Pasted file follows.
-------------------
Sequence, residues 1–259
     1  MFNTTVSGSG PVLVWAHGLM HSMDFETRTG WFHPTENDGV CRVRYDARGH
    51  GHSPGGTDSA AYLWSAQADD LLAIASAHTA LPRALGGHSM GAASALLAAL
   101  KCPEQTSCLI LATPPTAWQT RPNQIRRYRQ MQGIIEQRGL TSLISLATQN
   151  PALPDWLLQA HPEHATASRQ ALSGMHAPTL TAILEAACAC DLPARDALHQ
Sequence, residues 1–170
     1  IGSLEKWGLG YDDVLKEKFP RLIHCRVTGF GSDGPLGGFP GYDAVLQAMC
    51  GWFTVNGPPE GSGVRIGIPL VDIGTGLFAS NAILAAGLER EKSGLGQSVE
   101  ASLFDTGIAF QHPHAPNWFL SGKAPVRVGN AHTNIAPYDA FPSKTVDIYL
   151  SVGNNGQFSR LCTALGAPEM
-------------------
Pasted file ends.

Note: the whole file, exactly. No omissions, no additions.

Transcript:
Sequence, residues 1–259
     1  MFNTTVSGSG PVLVWAHGLM HSMDFETRTG WFHPTENDGV CRVRYDARGH
    51  GHSPGGTDSA AYLWSAQADD LLAIASAHTA LPRALGGHSM GAASALLAAL
   101  KCPEQTSCLI LATPPTAWQT RPNQIRRYRQ MQGIIEQRGL TSLISLATQN
   151  PALPDWLLQA HPEHATASRQ ALSGMHAPTL TAILEAACAC DLPARDALHQ
Sequence, residues 1–170
     1  IGSLEKWGLG YDDVLKEKFP RLIHCRVTGF GSDGPLGGFP GYDAVLQAMC
    51  GWFTVNGPPE GSGVRIGIPL VDIGTGLFAS NAILAAGLER EKSGLGQSVE
   101  ASLFDTGIAF QHPHAPNWFL SGKAPVRVGN AHTNIAPYDA FPSKTVDIYL
   151  SVGNNGQFSR LCTALGAPEM